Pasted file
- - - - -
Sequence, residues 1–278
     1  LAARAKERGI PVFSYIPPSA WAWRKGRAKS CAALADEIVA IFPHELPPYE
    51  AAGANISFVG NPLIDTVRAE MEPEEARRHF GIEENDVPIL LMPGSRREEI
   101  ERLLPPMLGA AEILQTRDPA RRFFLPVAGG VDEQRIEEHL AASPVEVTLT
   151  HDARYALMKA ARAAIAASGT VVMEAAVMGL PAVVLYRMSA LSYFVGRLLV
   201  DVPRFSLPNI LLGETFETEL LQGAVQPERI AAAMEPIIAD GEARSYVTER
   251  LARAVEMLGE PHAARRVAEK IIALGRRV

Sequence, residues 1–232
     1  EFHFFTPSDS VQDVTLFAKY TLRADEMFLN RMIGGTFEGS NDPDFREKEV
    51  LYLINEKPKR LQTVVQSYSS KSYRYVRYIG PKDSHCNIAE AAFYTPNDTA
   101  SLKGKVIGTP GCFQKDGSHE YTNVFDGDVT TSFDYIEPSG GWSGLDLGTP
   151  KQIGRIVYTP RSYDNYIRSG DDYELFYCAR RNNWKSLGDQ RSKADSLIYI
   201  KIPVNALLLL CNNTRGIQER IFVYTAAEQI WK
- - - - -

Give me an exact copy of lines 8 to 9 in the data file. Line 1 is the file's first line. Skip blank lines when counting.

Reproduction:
Sequence, residues 1–232
     1  EFHFFTPSDS VQDVTLFAKY TLRADEMFLN RMIGGTFEGS NDPDFREKEV